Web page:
It's now about 8:15, cover started at 8:00. So far, there's one man (who looks kind of familiar, but it's dark looking out from the stage) at one table, plus the local girl's entourage of two. So much for the local opening act bringing out some new faces for us... Never mind, we know of a dozen or so people who said they were coming, so at least we'll see some familiar faces -- and maybe once the music starts, other strangers will pour in... you know, those who aren't first tempted by massage or XXX films... :-)
We head to the back to put together our setlist and not worry about it. When I emerge to refill my water glass, the single man at the single table has left. I don't even see a staff member in the room. This does not bode well...
Last night, we had dozens of people in the room and a crappy sound. Tonight it looks like we'll have awesome sound and nobody to enjoy it.
Don has a nap in the green room. I pace.
The opener does her line check... short pause, then we hear her doing something again. The sound of three hands clapping -- oh dear, she's started. We decide to be supportive and sit at one of the front tables to listen to her set. Mom and sis are in the front table, we're second to the front, and... well... there's Bryce doing sound... and a couple over at the side... and Rob the bartender... and the waitress scurrying around lighting candles on the tables.
We break our usual don't-drink-before-a-show rule and cash in our beer tickets.
Maria comes in part way through the opener and sits with us. Yes, she nods her head, that is the problem with this venue, there's no built-in crowd, you have to have a following you bring in yourself. Which, being the first time we've ever set foot in Edmonton, we don't have. Neither, it seems, does the local opener (perhaps she's pissed off more than artistic directors?).
Our turn. Well, the show must go on. Maria goes to sit next to the couple over at the side -- who, it turns out, are Sidney and John, who we met when playing at the Rose & Kettle in Cole Harbour, NS (they were on a year's sabbatical there at the time). We've got three true fans in the audience, that makes us feel better, at least. There's another woman sitting behind us now, and look, another man has just walked in, things are looking up!
Except that man and the diva-ette and family stand at the front of the stage, in constant loud conversation all through the first several songs of our set. I can see Maria's head bobbing in there direction, and she looks like she's about to head over when the two loudest in the group leave and the other two stay to listen for a bit. Bloodshed is spared. :-)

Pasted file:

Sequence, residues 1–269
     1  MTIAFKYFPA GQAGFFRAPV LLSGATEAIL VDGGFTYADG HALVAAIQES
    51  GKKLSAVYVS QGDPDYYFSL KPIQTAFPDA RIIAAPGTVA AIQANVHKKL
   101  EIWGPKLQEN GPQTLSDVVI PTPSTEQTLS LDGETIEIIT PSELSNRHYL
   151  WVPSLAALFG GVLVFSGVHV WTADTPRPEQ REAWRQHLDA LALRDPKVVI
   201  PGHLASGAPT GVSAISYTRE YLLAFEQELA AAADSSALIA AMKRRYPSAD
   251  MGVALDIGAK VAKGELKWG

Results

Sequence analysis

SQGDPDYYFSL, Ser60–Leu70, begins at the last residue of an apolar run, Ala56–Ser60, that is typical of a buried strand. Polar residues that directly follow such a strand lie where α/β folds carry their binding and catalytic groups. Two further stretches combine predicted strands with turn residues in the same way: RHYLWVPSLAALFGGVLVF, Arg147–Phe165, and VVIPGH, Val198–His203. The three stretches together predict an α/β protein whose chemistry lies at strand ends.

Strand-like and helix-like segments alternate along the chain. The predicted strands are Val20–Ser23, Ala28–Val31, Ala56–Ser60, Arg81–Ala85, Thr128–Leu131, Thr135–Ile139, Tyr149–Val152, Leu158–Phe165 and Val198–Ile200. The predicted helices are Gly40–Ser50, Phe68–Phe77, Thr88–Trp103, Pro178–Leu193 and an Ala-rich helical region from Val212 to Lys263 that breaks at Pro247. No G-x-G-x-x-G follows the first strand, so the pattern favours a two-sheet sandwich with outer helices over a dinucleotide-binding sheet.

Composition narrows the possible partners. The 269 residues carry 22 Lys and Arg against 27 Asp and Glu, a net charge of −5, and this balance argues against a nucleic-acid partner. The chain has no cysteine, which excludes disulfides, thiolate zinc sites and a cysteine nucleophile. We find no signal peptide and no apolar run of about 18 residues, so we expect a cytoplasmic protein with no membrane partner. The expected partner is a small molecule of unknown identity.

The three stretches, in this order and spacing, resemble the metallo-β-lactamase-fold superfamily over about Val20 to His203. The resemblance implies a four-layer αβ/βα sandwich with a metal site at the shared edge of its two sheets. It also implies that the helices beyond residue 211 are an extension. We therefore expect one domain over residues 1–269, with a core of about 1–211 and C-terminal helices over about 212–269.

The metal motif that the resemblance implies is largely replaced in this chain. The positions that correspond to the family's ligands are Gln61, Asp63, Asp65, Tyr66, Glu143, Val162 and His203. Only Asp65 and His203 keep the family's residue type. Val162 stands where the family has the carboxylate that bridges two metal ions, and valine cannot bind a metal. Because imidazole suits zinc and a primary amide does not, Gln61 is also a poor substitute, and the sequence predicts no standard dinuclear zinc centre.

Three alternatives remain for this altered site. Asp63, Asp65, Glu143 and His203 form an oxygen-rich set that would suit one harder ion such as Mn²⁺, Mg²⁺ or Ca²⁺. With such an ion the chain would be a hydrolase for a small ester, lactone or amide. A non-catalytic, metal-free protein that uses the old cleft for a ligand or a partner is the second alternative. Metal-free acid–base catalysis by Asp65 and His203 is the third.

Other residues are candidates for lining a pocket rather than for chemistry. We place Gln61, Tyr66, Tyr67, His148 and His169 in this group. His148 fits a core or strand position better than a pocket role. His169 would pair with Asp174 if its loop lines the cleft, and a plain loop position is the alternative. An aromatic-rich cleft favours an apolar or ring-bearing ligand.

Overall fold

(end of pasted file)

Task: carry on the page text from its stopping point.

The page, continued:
We do a pretty good set, although it's definitely hard to keep the energy up. But our three fans enjoy it, the two quieter family members are very complimentary, and the venue's staff are really seeming to enjoy it, as well! OK, the audience may be small, but they're certainly appreciative! What the heck, it was a fun evening.
We're able to visit and chat a bit with Sidney and John -- they're terribly apologetic they weren't able to bring more people with them, they'd tried really hard, but many friends were away for the weekend, or had other commitments, there's a bunch of other concerts going on that weekend, AND it's the season opener of one of the (three!) Edmonton folk clubs that night, so all the people who would have really liked our music were probably there instead.
The bad timing bug...
(Although that doesn't quite explain the people who had told us they were coming...)
(Although that doesn't quite explain the people who had told us they were coming...)
Rob at the bar is similarly apologetic, and is raving about how much he enjoyed the show. He says he's going to tell the booker how great we were, says as far as he's concerned, we're welcome back any time, and that next time he'll talk to the booker and make sure we're paired off with a local act who has a big following, because "you guys deserve a much bigger audience!"
The deal at this venue is that the hall keeps the first $250 of the door -- we obviously didn't come anywhere close to that, but the guy at the door has either dipped in to the kitty or taken money out of his own wallet for Rob to give us. "He felt bad, because you guys are so good, he thought you should at least go home with something!"
So... really pretty venue, really nice staff, super-colossally bad timing -- and, it seems, not the ideal first venue to play for newcomers. Lesson learned, we'll advise our fellow new-to-Edmonton musicians, and come back some day when we've got a bit more of a following (and it's not a weekend with so much going on!).
We hug Sidney and John good-bye, thank all the staff, and pack up the car.
We follow Maria to her favourite pizza place -- Tony's Pizza Palace. We're in luck, they're still open! We order one large "Sal's" and one medium vegetarian to go. The waiters try to ply us with liquor as we wait, but our drivers have already had a pint each, so we'll wait.
Dinner in hand and a bottle of wine in the trunk, we follow Maria back to the house and grab some plates and glasses. She has not led us astray, this is really good pizza! The wine (an Okanagan Merlot) is quite lovely, too. :-)
We chat some more -- well, quite a bit more -- and realize it's quarter to two. We decide it's time for our beauty rest and call it a night.
Musically -- even in miniature!